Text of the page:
Phoenix Goodyear Airport (GYR) in Arizona


Sign at the entrance to Phoenix Goodyear AirportSign at the entrance to Phoenix Goodyear Airport
(Photo by the AirplaneBoneyards Staff)

Brief History and Background

This facility in Phoenix, Arizona was originally constructed during World War II as a naval air facility known as NAF Litchfield Park, and later renamed Naval Air Station Litchfield Park.

In 1941, the Goodyear Aerospace Corporation offered land to the U.S. Defense Plant Corporation. The U.S. Navy used the land to build aircraft flight decks and established a U.S. Naval Air Facility to test fly and deliver aircraft. This necessitated the construction of a landing field, hangar and runway.

The Goodyear facility was used to modify AAF twin-tail B-24 Liberators for use as Navy PB4Y-1 aircraft, and to accept delivery of Navy single-tail PB4Y-2 Privateers.

Its primary role following the end of World War II was that of storage and preservation of obsolete or excess U.S. Navy, U.S. Marine Corps and U.S. Coast Guard aircraft. Its location in the dry desert was an ideal location for long-term aircraft storage.

At one point, more than 5,000 aircraft were in storage. The Korean Conflict brought the airfield back to active duty in the 1950s. By early 1958 the inventory was down to about 2,500 aircraft. In 1965, the Defense Department decided to consolidate military aircraft storage. Thus, 800 aircraft at Litchfield were moved to Davis-Monthan Air Force Base in Tucson either by air or by truck for storage, and another 1,000 were salvaged.

Phoenix Goodyear Airport Today

Following the closure of NAS Litchfield Park in 1967, the City of Phoenix purchased the airport for a general aviation facility. Today, the airport is home to several private companies offering aircraft maintenance, storage, and commercial pilot training.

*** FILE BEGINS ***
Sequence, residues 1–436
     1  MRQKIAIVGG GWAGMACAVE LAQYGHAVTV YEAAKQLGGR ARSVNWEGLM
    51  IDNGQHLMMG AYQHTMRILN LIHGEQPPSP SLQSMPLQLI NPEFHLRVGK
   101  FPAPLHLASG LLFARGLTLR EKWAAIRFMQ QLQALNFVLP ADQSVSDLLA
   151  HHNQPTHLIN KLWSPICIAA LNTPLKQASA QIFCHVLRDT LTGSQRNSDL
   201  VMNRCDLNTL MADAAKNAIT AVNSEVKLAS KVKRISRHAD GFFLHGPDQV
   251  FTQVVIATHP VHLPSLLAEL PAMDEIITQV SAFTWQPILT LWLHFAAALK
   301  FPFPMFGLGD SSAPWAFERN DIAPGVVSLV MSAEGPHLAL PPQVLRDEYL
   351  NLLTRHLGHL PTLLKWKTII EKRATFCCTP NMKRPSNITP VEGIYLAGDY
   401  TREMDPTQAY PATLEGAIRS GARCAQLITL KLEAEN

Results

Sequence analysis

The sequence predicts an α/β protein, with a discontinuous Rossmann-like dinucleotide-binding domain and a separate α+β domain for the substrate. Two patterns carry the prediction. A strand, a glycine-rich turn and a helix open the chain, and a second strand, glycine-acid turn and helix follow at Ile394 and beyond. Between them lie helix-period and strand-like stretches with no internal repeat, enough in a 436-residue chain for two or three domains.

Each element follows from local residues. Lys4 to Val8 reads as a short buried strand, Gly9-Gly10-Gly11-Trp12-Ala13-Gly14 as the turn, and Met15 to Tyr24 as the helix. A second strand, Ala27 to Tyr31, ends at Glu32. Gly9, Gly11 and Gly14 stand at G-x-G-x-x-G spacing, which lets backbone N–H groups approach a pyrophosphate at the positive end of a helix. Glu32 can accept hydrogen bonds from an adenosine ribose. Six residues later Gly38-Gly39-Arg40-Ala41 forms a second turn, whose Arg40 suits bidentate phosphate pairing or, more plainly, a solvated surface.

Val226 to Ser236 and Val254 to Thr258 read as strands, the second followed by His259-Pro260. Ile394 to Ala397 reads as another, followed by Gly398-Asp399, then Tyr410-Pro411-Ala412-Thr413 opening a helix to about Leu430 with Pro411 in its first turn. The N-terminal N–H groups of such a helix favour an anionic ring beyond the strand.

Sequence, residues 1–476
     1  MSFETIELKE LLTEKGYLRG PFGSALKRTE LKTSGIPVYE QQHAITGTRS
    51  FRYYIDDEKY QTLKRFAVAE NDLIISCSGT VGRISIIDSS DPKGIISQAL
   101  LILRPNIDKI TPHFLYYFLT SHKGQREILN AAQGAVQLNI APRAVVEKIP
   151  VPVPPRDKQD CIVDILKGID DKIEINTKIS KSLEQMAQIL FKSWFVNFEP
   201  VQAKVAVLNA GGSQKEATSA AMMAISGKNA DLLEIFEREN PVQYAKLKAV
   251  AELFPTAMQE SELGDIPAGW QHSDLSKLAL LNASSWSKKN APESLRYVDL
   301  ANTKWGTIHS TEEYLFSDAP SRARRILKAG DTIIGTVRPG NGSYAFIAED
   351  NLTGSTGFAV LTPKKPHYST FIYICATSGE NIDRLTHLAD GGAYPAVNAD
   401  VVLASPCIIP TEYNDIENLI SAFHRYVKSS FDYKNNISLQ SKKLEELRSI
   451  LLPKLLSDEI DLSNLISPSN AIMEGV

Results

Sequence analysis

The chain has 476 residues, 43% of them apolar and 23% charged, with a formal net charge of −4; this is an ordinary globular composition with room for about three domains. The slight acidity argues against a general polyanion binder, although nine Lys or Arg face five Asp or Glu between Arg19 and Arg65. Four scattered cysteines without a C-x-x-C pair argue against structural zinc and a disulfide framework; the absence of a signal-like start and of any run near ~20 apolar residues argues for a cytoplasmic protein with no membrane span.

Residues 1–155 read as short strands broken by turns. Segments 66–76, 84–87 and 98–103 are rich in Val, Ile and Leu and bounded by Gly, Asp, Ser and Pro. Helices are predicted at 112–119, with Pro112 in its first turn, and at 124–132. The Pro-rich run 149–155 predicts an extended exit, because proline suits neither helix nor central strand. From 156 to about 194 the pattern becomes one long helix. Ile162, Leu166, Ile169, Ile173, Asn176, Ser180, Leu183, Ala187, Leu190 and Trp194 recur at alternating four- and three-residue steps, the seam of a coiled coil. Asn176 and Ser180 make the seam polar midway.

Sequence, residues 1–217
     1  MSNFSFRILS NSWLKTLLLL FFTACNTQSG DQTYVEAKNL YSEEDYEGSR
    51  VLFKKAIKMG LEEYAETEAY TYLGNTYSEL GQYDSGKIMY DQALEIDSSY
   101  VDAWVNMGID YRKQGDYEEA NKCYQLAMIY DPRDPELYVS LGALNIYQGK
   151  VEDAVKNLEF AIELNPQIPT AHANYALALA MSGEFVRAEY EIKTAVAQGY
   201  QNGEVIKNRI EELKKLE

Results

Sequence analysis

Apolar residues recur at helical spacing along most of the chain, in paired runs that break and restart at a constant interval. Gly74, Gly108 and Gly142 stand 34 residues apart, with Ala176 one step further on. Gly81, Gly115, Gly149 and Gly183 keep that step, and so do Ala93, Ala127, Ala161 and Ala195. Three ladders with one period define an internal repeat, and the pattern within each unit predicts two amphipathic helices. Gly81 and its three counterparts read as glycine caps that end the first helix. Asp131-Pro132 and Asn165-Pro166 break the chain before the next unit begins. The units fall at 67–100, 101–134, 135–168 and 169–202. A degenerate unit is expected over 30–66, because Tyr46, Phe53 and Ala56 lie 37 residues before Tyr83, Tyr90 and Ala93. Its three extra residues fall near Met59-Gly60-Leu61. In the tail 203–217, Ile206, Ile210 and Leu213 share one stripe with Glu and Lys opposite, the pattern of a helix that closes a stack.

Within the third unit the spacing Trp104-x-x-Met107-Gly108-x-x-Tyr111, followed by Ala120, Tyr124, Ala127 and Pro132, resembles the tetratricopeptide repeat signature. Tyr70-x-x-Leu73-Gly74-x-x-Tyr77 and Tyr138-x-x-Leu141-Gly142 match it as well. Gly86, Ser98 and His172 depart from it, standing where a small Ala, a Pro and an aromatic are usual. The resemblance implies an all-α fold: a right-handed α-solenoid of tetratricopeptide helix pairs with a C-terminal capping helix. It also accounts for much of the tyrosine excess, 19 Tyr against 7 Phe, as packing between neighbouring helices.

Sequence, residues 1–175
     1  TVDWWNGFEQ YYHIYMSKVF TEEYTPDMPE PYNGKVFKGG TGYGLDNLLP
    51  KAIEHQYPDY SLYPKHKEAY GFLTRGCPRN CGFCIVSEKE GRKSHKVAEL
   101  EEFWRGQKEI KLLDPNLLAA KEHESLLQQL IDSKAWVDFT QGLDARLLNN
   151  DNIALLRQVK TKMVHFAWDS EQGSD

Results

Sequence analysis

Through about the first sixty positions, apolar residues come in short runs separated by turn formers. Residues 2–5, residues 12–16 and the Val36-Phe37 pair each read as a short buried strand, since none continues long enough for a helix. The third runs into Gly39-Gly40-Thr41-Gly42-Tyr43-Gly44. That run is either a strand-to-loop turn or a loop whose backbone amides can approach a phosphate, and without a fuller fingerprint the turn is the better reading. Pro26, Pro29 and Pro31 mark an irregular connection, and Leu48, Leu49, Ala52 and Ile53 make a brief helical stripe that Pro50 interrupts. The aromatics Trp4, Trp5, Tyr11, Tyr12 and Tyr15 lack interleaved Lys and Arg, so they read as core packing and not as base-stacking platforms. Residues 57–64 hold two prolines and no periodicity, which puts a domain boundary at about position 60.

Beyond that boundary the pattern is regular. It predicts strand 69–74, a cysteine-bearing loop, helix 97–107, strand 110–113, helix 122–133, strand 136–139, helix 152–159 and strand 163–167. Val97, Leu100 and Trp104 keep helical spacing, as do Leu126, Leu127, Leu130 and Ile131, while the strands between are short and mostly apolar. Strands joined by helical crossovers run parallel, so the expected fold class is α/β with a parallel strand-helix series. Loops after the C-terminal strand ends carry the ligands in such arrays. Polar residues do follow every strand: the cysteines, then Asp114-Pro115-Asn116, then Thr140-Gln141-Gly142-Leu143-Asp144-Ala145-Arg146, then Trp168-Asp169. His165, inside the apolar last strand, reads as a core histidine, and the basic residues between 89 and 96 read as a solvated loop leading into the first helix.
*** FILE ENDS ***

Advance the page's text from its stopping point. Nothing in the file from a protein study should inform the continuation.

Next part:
It also serves as a general-aviation reliever airport, meaning it is designated by the Federal Aviation Administration to relieve congestion at Phoenix Sky Harbor Airport and provide access for private planes. While the airport’s single 8,500-foot runway is large enough to accommodate aircraft as big as a Boeing 747, there is no commercial passenger or charter service, and none is planned.

Based in the United Kingdom, CTC Aviation Group has invested about $7 million in its new pilot training program at Goodyear. CTC works with more than 50 major airlines worldwide and is cooperating with Lufthansa Flight Training who already has a pilot training program underway at the Goodyear Airport.

One tenant, AeroTurbine, provides aircraft maintenance, repair and overhaul facilities. It provides services related to modifications, avionics installs, repainting, aircraft storage, logistics and disassembly. It can service these types of aircraft: Airbus: A319, A320 Boeing: B707, B727, B737-300 to - 900, B757, B767, B747, B777, MD11/DC10, MD80 series and MD 90/95.

The Goodyear Airport currently has a total economic impact of $138 million a year.

When we last visited the airport in May of 2015, there were dozens of jetliners in storage at the facility.

Need Help Spotting Airliners?

Airliner Spotter guides and tips for Boeing, Airbus, Embraer and Bombardier aircraft

With the wide variety of jet airliners serving the worldwide travel market today and in storage at Phoenix-Goodyear, identification of individual manufacturers and aircraft can be a bit tricky.

On our new website we have included quick and easy guides to spotting the common jet airliners of the day. We include airliners from Airbus, Boeing, Embraer and Bombardier.

... at AirlinerSpotter.com

 

Panoramic view of jetliners in storage at the Phoenix Goodyear Airport
Panoramic view of jetliners in storage at the Phoenix Goodyear Airport

Touring the Phoenix Goodyear Airport Area